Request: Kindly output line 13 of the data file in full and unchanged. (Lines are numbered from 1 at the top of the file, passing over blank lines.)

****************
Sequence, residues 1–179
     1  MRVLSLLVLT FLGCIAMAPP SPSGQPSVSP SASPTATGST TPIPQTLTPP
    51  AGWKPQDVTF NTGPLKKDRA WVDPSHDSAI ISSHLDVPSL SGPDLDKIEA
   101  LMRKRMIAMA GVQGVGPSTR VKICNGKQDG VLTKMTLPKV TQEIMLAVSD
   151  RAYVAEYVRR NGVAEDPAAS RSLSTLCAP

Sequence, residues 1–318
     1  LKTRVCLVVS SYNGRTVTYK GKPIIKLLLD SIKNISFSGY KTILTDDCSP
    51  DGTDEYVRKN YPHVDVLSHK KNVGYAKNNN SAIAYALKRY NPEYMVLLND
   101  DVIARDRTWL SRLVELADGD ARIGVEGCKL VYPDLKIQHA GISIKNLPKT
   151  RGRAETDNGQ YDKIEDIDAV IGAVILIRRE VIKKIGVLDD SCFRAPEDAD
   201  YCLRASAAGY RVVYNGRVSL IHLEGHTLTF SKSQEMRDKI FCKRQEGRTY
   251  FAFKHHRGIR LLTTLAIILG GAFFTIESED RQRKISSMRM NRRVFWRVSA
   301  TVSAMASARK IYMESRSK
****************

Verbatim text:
   301  TVSAMASARK IYMESRSK